ANDERSON, Ind. — Most 23-year-olds don't carry around a flip phone or eschew social media like a plague.
But, if it hasn't become obvious by now, Andrew Luck isn't much like most 23-year-olds.
He isn't much like his peers in the new generation of NFL quarterbacks, either.
While much of the rest of the league has become infatuated with the read-option offense and the freakishly athletic quarterbacks required to pilot it, the Indianapolis Colts are quite content with their throwback model.
Luck has enough mobility to get himself out of a jam — ask Green Bay Packers outside linebacker Clay Matthews or look up video of the final drive last season in Detroit for proof — but nobody's going to confuse him with Colin Kaepernick or Robert Griffin III in a footrace.
He's an old-fashioned drop-back passer far more similar to Johnny Unitas than Texas A&M's ubiquitous Heisman Trophy winner, Johnny "Football" Manziel. And that makes him a perfect fit in the Circle City.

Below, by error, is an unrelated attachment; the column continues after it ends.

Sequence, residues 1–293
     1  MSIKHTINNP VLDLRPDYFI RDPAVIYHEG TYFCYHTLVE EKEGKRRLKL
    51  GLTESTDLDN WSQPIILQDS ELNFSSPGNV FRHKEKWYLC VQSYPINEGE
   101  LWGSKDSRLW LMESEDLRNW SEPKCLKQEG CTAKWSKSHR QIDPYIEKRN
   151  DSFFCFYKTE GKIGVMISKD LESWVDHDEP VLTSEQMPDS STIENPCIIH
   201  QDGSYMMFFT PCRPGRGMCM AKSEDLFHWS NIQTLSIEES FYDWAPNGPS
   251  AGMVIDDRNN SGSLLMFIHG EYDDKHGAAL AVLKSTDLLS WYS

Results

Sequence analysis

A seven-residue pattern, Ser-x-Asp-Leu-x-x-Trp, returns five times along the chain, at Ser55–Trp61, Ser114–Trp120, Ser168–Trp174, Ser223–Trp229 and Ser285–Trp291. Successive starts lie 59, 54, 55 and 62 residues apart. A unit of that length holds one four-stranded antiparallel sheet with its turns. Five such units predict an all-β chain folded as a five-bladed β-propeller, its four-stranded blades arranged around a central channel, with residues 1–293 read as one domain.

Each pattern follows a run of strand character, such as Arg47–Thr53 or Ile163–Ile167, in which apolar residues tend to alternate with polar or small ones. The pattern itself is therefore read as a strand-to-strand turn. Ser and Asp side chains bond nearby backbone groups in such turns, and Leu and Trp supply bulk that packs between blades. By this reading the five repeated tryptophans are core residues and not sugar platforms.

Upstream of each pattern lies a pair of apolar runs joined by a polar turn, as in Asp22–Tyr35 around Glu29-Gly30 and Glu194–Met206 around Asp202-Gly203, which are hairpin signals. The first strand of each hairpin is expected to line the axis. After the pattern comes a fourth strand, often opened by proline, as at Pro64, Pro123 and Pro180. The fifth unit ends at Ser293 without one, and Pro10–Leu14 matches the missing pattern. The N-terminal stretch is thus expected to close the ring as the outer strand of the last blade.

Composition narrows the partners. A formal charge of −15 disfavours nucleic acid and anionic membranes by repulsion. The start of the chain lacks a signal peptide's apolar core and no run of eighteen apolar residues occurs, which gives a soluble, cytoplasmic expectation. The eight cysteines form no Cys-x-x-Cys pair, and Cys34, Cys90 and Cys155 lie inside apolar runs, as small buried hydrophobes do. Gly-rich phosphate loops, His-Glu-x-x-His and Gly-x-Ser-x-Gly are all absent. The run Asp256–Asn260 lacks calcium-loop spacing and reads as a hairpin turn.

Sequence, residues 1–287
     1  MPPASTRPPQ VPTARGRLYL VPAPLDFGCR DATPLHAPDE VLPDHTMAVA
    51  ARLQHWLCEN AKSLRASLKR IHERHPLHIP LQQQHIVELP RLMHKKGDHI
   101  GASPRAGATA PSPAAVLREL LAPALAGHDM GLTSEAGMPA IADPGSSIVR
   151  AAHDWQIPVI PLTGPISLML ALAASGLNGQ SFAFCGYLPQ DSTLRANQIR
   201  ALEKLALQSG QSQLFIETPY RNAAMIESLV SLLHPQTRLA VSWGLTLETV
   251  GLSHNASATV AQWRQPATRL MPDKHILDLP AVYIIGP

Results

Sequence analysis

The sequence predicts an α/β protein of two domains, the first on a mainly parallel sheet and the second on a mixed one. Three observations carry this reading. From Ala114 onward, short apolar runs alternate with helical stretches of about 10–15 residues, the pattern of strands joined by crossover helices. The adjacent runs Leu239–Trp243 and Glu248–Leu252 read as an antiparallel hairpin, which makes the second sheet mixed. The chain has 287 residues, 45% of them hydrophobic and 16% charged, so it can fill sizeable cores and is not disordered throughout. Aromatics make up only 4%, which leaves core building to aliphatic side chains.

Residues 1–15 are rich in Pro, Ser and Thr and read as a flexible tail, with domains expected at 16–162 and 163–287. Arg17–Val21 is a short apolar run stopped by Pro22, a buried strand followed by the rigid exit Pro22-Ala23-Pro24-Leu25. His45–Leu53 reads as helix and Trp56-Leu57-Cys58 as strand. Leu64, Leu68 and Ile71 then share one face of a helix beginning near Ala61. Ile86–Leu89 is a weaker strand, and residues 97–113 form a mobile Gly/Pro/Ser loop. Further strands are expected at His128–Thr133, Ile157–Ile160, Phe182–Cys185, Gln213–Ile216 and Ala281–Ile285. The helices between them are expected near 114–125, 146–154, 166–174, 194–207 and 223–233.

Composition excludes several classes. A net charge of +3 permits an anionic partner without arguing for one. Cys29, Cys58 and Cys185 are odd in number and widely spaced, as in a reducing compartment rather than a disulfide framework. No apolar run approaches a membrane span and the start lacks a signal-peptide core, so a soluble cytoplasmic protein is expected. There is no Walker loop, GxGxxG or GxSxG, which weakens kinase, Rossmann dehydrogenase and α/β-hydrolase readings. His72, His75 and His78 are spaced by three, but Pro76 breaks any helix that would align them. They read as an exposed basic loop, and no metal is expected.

Colts head coach Chuck Pagano learned the game at the foot of his father, Sam, one of the winningest high school coaches in Colorado history. And, for all of his genius and innovation, new offensive coordinator Pep Hamilton's scheme still has its roots in the system former San Francisco 49ers head coach Bill Walsh used to dominate the NFL in the 1980s.
No, Indianapolis is not on board the league's latest fad. But that might be just the thing that makes the 2013 season unique.
"Old, new, whatever works," Luck said Saturday after reporting for training camp at Anderson University. "Hopefully, this offense works for us. I think it will. I've got a lot of confidence. There's a bit of an old-school mentality of you got to be able to run the ball and play-action hopefully comes from that. Whatever works, and hopefully it works for us."